I think that says quite a bit. Setting this kind of precedent is going to be long-term damage to the workforce of unions. What did we hear in the Hansard describing this bill by the Liberal member from Mississauga–Streetsville? That this bill is union-bashing.

I’m very disappointed, as I mentioned earlier, that the Conservatives keep bringing these bills to separate and divide workers and employers when we should be focusing on job creation. That is the priority of Ontarians—one of the many, I should say, that I hear in my riding. Let’s create jobs.

They also like what the NDP is doing, because we’ve been getting results in every budget. In the fall of last year—

Interjection: Spring.

Ms. Teresa J. Armstrong: Or was it the spring? Excuse me. My memory’s not so good anymore. Since I got here, it’s not so good anymore—in the spring and in the fall. Thank you, Speaker, for allowing me the time.

The Acting Speaker (Mr. Ted Arnott): Further debate?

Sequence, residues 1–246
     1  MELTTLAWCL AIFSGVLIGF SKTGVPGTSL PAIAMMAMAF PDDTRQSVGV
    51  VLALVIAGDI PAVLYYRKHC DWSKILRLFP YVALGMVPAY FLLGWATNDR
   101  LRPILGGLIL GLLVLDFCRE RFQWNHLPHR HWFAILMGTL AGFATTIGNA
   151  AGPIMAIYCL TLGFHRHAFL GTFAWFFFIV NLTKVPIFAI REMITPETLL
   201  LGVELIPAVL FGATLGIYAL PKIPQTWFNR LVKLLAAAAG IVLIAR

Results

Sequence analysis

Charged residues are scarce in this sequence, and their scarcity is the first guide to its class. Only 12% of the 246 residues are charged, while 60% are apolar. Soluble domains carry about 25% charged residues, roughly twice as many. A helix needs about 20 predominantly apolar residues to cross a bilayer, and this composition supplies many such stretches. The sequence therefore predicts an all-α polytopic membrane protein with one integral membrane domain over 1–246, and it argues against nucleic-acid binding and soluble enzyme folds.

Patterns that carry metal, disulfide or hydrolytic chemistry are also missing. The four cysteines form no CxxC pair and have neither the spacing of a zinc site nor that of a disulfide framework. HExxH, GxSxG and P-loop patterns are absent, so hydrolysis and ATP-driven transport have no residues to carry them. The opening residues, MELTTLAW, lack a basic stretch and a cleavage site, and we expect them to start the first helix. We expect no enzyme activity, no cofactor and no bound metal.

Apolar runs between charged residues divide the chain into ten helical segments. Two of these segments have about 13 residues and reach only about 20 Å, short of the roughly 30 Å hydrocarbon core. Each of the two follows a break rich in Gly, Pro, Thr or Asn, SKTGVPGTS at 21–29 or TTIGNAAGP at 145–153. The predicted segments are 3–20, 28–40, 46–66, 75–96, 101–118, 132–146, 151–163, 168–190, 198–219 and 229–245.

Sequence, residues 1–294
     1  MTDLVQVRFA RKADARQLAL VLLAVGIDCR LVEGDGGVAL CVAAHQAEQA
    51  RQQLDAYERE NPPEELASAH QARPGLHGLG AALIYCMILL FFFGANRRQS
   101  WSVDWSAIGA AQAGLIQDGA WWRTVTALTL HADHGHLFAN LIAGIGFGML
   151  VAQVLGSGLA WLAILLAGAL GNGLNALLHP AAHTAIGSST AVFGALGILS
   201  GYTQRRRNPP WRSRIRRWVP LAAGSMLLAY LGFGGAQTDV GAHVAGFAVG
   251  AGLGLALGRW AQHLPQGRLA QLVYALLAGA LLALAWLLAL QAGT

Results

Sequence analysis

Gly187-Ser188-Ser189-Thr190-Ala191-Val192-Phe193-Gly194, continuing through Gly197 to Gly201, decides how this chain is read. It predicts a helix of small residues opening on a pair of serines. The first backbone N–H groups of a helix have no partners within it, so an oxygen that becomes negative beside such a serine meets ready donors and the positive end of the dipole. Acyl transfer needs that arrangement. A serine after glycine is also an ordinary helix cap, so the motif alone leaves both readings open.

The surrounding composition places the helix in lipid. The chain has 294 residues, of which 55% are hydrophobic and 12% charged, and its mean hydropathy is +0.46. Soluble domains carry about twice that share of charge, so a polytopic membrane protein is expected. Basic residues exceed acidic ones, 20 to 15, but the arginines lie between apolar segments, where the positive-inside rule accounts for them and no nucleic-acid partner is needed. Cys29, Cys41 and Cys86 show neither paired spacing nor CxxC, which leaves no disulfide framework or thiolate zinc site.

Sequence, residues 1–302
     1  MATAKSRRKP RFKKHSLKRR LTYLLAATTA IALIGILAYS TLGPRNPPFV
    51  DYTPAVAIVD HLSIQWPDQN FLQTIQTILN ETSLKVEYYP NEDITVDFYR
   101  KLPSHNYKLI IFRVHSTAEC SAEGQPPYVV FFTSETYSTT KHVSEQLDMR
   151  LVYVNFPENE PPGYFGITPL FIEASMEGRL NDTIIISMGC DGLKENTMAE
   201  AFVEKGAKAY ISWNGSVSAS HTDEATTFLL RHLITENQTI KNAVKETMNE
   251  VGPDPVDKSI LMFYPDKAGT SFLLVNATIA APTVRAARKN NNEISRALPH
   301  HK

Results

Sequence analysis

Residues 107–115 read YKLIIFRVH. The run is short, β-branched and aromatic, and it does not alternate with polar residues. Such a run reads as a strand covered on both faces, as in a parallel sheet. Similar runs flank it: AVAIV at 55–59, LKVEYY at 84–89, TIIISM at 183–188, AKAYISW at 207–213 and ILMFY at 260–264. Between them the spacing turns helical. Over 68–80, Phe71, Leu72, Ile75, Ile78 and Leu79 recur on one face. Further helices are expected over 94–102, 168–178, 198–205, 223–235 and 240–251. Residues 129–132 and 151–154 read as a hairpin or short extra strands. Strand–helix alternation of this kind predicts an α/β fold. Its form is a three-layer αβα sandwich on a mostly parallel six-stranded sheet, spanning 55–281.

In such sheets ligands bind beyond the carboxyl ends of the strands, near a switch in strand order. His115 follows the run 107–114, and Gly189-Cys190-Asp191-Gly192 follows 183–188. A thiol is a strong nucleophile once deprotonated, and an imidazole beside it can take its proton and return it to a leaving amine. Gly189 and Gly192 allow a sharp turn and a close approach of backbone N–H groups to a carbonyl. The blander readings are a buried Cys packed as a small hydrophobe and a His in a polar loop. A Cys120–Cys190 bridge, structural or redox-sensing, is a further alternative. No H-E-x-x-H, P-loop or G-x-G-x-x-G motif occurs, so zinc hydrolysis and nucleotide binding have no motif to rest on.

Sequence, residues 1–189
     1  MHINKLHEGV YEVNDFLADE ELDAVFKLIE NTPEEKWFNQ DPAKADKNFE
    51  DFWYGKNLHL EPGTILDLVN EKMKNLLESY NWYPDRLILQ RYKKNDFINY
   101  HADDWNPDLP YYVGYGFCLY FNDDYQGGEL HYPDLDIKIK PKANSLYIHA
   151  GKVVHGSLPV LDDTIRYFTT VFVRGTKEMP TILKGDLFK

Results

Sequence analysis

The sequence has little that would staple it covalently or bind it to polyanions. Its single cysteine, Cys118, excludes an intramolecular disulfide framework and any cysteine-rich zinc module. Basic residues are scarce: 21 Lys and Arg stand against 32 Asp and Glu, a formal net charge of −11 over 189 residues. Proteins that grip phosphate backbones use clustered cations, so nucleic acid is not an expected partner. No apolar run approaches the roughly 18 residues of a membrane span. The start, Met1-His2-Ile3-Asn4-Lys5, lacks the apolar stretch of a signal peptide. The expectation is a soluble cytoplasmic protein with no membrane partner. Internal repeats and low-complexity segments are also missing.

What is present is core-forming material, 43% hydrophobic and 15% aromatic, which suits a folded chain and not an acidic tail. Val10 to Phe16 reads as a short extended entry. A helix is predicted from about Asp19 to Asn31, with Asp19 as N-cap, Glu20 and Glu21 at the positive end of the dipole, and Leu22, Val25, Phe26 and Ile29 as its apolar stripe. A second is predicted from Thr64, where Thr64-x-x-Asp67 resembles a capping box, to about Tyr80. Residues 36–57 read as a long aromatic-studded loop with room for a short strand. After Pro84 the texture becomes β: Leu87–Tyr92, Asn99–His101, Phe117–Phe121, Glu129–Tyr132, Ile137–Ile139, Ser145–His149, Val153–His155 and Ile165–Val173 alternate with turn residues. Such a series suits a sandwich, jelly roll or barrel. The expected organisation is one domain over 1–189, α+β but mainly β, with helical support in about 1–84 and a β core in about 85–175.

Mr. Michael Prue: I sat there and I waited, in awe and fixation, that a Liberal or a Conservative would have the temerity, the unmitigated gall—whatever—to stand up and say something about this. Not one of them wants to speak one iota, not one truth, not one word in defence of what you’re doing. Does that not say everything about what’s happening here today? There is no defence. There is silence. There is absolutely nothing that they can say to defend what they’re doing, because they know it’s wrong.

And so, therefore, here I am, forced to stand up as another New Democrat—New Democrat after New Democrat—to talk about this, because not one Liberal and not one Conservative has the guts, the fortitude, to stand up and say why you’re doing this. You don’t even have that in your heart. You’re just going to do it.